I can think of a reason why we do, though.

While the conversation starter is admittedly pedestrian in nature, now, we are beginning to understand that this discussion on identity is a very important discussion to have at this point where the world is becoming a global village more and more. For all the good and bad this globalization brings, how does one remain Filipino, and how does one demonstrate and inspire pride in our heritage? These things do not merely happen in and by themselves: the how is a very important factor that needs consideration.

What does it mean to be a Filipino? Is it our bloodline a la Jasmine Trias or Tia Carrere? Or is it more about our desire to identify with being Filipino a la Grace Lee or Erwan Heussaff?

What does it mean to be a success? Is Manny Pacquiao a success in boxing because he’s a Filipino, or is he a success because he worked hard at it, and he just happened to be a Filipino? Does the latter take away from Filipino pride, or simply remind us that we need to look at Filipino pride in a more nuanced and all-encompassing manner?

If only for the fact that now, these questions do get asked, and hopefully, get closer to being answered satisfactorily, then yeah, I think Bayo did good, in spite of itself.

If I may be so bold as to suggest to whoever is running the advertising for Bayo, I think the easiest way to turn this around would be to ride the wave of your campaign’s memetic value. Don’t take the campaign too seriously, and revel in the absurdity of it, while encouraging the insightful dialogue you’ve already unintentionally instigated. The momentum is now in your hands to make something positive out of all this.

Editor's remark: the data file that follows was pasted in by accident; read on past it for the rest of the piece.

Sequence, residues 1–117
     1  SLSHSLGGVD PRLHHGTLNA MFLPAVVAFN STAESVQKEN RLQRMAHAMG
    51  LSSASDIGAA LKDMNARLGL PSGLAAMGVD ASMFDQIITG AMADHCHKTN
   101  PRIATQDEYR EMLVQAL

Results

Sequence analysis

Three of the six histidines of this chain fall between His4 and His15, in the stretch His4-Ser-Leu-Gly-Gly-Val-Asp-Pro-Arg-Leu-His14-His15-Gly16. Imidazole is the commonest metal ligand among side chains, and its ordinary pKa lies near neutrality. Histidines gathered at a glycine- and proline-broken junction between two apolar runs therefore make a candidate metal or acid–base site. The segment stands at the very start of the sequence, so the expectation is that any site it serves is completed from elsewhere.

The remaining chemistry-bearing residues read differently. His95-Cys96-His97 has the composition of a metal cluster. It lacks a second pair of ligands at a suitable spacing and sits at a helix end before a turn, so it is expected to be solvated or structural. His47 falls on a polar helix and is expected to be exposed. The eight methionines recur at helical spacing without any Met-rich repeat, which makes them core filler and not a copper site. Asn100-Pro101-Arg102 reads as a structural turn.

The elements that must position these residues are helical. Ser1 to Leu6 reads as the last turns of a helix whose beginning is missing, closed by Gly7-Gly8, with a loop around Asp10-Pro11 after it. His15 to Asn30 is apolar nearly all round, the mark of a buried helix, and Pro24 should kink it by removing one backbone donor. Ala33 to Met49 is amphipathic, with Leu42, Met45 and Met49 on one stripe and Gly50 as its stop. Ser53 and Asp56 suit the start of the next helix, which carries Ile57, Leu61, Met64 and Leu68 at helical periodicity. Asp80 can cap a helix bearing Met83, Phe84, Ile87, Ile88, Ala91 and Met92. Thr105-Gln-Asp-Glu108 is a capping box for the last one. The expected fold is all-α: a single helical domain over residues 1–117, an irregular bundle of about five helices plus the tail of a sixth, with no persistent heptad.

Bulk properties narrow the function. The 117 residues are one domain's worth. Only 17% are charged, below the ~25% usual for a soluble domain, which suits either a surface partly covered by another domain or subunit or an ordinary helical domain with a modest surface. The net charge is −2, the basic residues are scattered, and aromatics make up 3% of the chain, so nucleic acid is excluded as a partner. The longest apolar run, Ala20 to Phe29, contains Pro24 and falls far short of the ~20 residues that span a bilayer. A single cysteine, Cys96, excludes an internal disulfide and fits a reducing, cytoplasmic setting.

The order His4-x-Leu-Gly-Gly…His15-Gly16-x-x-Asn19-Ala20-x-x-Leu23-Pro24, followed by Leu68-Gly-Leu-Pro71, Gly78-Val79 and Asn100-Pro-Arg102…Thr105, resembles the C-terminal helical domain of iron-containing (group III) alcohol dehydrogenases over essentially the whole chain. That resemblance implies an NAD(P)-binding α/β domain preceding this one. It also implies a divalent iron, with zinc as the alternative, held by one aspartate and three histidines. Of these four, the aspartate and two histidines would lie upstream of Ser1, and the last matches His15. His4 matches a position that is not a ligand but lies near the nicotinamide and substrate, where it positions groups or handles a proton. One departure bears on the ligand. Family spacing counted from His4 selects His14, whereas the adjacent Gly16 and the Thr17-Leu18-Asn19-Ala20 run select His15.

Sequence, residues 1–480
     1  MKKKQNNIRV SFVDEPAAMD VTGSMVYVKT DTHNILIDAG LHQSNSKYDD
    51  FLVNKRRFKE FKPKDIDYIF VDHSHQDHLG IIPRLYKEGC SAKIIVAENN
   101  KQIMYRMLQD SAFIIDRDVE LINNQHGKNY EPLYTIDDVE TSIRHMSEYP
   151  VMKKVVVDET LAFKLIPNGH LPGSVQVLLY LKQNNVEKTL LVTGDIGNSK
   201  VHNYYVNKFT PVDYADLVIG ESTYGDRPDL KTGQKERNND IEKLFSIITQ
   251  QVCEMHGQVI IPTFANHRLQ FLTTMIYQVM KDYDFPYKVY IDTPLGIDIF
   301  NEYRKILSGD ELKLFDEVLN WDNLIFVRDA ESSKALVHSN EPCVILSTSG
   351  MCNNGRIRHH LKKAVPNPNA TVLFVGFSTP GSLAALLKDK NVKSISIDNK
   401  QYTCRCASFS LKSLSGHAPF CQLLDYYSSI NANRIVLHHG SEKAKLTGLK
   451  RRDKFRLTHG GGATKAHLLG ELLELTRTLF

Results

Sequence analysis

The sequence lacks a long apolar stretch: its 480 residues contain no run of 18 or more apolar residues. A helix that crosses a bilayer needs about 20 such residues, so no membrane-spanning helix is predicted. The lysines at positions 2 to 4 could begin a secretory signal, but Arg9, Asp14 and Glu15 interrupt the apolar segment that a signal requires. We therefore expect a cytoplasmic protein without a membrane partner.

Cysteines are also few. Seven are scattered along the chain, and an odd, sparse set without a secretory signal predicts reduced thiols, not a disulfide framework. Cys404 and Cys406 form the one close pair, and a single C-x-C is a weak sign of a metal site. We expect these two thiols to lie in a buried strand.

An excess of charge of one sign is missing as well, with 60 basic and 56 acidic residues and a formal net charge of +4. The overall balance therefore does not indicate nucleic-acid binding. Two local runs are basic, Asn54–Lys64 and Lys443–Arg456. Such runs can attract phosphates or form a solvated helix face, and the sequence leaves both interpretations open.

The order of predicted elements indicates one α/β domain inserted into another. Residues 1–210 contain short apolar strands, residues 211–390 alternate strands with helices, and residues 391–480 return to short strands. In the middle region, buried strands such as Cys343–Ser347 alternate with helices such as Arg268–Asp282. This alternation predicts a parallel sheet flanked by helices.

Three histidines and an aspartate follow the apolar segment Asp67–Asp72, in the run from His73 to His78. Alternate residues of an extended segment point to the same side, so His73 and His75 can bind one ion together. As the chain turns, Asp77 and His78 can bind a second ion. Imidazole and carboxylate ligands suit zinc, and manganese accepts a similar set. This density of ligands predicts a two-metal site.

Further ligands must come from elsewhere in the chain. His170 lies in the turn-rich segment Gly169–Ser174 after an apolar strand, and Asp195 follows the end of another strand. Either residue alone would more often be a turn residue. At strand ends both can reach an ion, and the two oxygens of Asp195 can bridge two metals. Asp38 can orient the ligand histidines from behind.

If I could paraphrase Lourd De Veyra, this all boils down to one simple thing: walang basagan ng mix. All this navel-gazing taken into consideration, though, I think it’s still boss to poke fun at the whole “controversy.”


Thank you, thank you! I’ll be here all week!

Posted in SocietyComments (5)

Pinoy Pride: Where I’m from, Everyone’s a Racist


Jessica Sanchez recently lost on American Idol, a talent show, ultimately decided by viewer voting. But by the way many Filipinos reacted to the results, you’d think it was a presidential election. Few accepted Jessica’s defeat, many giving Jessica — and themselves — the consolation prize of believing that while Phillip Phillips was the American Idol, Jessica Sanchez was the World Idol. Some went as far as asking for a recount.

But within the range of reactions, I found one particularly interesting. The argument goes that Phillip Phillips only won because he was American — and the White Guy With Guitar always wins — and that if Jessica were American, too, she would win because she obviously had more talent. And wasn’t American Idol above all a contest of talent? Wasn’t it supposed to avoid becoming a contest about race? If so, wouldn’t this count as racism? Ironically, these are the questions many of Jessica’s fans — and those who subscribe to Pinoy Pride — need to ask themselves.

On the face of it, Pinoy Pride — the kind that would champion Jessica Sanchez and Manny Pacquiao and Charice Pempengco because they’re Filipino — is harmless. Being Filipino is just one of the arbitrary traits that people use to pick their favorites, something that makes it easier to identify with and relate to one person, one out of many others who have less to do with them. And it’s not like race (or for that matter, ethnicity) is the only thing that makes a fan a fan. Jessica Sanchez is an awesome singer, and no one can throw a million punches like Manny Pacquiao.